Dissent Thro Art!

DECCAN CHRONICLE. | SWATI SHARMA
Published Jan 5, 2020, 12:00 am IST
Updated Jan 5, 2020, 12:43 am IST
Varun Grover’s poem,which he’d put out on his Twitter handle on December 21, was retweeted 24k times.
Delhi-based artist Tanzeela, a hijabi-doodler expressed her shock at the violence perpetrated on Jamia Milia students through an illustration, A Woman in a Tricolour Hijab
 Delhi-based artist Tanzeela, a hijabi-doodler expressed her shock at the violence perpetrated on Jamia Milia students through an illustration, A Woman in a Tricolour Hijab

“Inquilab Zindabad”, the most commonly used to words at protests, was coined during India’s freedom struggle by Hazrat Mohani, an Urdu poet. It became the slogan for millions, binding them together for a greater good.

In times of socio-political uncertainty, the role of art and expression — through verses, stories, images, cartoons, films, etc. — is one of the most civil ways of registering protest. It brings new perspectives to tackling challenging issues, encourages debates and discussions, and inspires people to fight for their causes.

 

Today, anti-Citizenship Amendment Act (CAA) demonstrators have been making music, penning poetry, drawing comic strips and writing satire and spoofs to mobilise support and organise protests. Comedians Varun Grover’s rebellious Hindi poem, Hum Kaagaz Nahin Dikhayenge and Kunal Kamra’s jibe on Prime Minister Narendra Modi regarding CAA and the NRC; Assamese singer Zubeen Garg’s poignant song in memory of those killed during the ongoing anti-CAA agitations, have all got a fan base of their own.

Varun Grover’s poem,which he’d put out on his Twitter handle on December 21, was retweeted 24k times. The post, which has over 50,000 likes, was inspired by “the spirit of every protestor and India-lover,” Grover wrote.

Can art save the day?
Today, art has become a powerful and international language to speak against all forms of human rights violations, along with other activism.

“Folk artists, especially poets and singers, were in the forefront during the Telangana movement. Any agitation, protest, public meeting would start with music and singing. One particular song that you’d hear every whereback then was Gaddar’s Podustunna Poddumeeda,” recalls Rathna Shekar Reddy, founder of the theatre group Samahaara.

Delhi-based artist Tanzeela, a hijabi-doodler sharing the quirky side of her world through her illustrations, expressed her shock at the violence perpetrated on Jamia Milia students through an illustration, “A Woman in a Tricolour Hijab”, which she shared on various digital platforms. The artwork, which used Faiz Ahmad Faiz’s immortal words, “Bolke lab aazad hai tere /Tera sutvajism hai tera / Bol ki jaan ab tak teri hai”, quickly struck a chord.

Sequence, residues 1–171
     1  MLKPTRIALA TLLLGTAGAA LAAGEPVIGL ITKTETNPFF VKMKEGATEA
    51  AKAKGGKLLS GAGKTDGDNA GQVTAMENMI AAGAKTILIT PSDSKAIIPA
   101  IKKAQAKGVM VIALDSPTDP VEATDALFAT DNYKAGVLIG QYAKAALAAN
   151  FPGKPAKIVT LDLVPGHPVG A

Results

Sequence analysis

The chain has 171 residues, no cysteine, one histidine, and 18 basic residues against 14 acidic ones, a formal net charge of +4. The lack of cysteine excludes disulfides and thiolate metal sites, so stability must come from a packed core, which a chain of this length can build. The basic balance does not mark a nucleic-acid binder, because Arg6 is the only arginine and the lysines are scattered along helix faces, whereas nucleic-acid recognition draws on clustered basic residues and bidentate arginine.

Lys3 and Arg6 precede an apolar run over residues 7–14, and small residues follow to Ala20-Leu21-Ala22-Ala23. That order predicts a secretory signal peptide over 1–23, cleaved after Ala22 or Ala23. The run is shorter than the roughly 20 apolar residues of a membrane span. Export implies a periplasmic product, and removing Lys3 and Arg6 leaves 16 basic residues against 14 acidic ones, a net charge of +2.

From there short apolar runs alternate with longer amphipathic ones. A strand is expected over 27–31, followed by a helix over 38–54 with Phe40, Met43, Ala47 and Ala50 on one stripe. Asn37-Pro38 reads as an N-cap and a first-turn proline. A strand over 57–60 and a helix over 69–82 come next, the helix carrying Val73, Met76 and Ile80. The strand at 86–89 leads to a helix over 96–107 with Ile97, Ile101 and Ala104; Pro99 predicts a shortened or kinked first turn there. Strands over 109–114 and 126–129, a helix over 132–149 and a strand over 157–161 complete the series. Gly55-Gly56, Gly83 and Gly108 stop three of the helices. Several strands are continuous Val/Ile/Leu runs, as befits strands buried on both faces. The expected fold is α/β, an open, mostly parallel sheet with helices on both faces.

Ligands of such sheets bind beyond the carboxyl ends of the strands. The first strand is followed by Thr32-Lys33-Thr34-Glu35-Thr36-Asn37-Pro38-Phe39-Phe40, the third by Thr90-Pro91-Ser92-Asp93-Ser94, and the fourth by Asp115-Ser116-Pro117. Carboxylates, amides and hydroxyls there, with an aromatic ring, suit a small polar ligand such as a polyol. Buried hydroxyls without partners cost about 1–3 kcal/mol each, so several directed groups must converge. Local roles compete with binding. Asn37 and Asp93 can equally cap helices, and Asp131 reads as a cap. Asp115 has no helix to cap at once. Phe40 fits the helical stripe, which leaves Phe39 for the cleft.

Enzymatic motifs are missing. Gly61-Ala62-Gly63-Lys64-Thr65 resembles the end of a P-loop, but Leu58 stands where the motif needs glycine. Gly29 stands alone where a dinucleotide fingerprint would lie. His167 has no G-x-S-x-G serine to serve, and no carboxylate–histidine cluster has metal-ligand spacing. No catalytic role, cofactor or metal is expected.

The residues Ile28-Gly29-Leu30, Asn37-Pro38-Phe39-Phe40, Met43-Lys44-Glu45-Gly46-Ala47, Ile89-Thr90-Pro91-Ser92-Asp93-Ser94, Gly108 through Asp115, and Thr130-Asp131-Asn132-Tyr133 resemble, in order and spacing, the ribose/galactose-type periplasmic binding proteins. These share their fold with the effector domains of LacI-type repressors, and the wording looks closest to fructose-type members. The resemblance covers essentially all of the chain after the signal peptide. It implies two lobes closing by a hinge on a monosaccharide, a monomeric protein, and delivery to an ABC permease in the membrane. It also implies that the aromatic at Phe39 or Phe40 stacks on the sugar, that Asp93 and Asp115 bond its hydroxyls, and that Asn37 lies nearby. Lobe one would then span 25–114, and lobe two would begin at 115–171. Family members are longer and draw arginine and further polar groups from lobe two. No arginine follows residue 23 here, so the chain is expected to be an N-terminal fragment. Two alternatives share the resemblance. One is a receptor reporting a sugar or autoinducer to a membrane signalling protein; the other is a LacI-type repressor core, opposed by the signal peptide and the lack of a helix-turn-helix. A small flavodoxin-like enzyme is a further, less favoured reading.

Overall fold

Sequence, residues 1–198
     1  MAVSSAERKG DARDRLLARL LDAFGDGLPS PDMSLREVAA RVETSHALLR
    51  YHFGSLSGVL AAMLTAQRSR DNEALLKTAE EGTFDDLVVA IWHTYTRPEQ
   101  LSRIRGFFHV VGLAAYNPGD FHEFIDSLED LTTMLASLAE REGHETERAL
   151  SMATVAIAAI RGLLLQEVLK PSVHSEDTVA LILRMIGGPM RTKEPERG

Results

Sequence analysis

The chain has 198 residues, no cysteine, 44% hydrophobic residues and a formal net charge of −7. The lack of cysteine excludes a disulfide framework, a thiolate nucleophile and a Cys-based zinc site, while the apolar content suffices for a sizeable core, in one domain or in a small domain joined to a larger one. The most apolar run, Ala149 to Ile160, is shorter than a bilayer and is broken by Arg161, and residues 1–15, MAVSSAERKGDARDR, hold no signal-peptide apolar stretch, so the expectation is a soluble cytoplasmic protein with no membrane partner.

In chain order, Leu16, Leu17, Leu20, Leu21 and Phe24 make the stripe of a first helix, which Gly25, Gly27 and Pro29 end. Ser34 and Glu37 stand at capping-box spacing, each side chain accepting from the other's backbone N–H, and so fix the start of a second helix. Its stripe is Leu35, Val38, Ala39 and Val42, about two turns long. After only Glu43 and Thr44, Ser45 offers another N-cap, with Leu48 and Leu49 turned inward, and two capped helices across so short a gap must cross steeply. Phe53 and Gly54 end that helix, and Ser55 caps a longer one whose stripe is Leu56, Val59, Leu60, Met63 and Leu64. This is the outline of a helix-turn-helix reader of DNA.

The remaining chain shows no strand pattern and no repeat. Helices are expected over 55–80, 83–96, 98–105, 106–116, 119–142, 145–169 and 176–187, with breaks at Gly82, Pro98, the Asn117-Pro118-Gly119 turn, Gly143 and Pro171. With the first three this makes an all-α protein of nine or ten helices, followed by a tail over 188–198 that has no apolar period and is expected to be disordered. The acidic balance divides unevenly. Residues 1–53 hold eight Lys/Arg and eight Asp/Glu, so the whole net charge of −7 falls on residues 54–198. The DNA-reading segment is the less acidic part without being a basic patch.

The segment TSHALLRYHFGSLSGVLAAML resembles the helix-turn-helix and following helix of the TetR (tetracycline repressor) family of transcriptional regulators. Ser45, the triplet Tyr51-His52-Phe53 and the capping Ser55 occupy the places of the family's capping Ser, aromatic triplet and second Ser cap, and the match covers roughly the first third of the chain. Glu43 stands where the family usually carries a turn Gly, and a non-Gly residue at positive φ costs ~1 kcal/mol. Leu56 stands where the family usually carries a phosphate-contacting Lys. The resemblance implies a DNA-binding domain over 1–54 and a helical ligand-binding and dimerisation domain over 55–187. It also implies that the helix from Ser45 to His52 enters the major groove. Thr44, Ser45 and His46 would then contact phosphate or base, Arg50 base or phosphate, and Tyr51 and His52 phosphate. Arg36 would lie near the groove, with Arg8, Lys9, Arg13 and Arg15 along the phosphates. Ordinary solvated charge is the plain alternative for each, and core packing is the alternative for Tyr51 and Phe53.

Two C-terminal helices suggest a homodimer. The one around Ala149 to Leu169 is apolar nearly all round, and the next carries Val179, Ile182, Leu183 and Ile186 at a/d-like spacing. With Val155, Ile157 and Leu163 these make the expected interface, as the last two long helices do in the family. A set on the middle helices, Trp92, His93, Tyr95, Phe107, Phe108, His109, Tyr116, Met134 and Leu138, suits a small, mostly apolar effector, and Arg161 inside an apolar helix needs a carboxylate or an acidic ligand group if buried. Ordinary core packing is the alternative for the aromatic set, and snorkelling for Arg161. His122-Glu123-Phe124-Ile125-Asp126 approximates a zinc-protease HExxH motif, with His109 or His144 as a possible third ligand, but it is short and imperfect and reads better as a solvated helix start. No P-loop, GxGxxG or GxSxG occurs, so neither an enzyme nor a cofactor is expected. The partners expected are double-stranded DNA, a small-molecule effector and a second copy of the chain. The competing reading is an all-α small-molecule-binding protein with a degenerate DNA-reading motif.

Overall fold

Tanzeela, who has herself been following other artists and poets’ works, says, “This nazm by Faiz Ahmed Faiz has always been in my mind because it has constantly been my support. It talks about the emotion you need to stand and speak-speak so loud that it’s heard till the end of time. That sketch of mine brought me messages from people saying they related to the frustration, anger and ignorance. Art shakes people because it’s a canvas with no words and yet speaks the most, with strong, satirical and challenging messages. All my artwork revolves around anger and aggression. I am tired of all the ‘You are Muslim, so show us your patriotic sign’. This is my land. I don’t need to explain this to anyone! Period.”

For Rathna Shekar, art’s not only for entertainment and expression, but also to seek and speak the truth. “Revolutions are caused by the common man but propelled by poets. A song or stand-up can seem subtle and pointless but it forces us to look at the truth and starts discussions in a way news doesn’t. Humour and non-violence are our greatest weapons. No matter what or where the revolution, art in its various forms has changed people, ends inertia, encouraging people to stand up against authority structures, tyrants, inequality, injustice, etc.,” he says.

Art shows the way
Talking about how protests have the power to change policies, artist Ramakanth Thumrugoti shares the example of the Hong Kong Protest Art in September 2019, where mostly anonymous works of art and graphic design defined anti-government demonstrations. Art, according to him, is an intellectual tool that measures and analyses many subjects an artist transcends, including socio-political issues affecting the quality of human life. “As a result, it helps the non-artistic world refine their perspectives in the times of conflicts and chaos. While sometimes the creatives from artists might like look reactive, a closer study will reveal they’re as scientific as any other well-researched subject,” adds Ramakanth.

But democracy thrives in an atmosphere that allows dissent and opposition. If art wasn’t a powerful opposition why would cartoonists and writers get arrested?” questions Neeti Palta, who does comedy on various topics like the woman in India, daily irritants, Indian idiosyncrasies, current affairs, etc. “If a powerful slogan can win elections, it can also mobilise a common sentiment. Art is a positive and powerful tool, especially when the actual opposition is failing so magnificently.”

Art when used effectively in protest carries an idea to the masses. For instance, comedian Vasu Primlani’s most popular acts, A for Allahabad and Demonitisation 2.0 don’t just make you laugh, they make you think. “We spend so much money and effort in renaming cities, and that given the levels of unemployment, a decimated economy, air pollution that is killing thousands of Indians annually! These are distraction tactics designed to rile Indian up emotionally and divide the country,” asserts Vasu.

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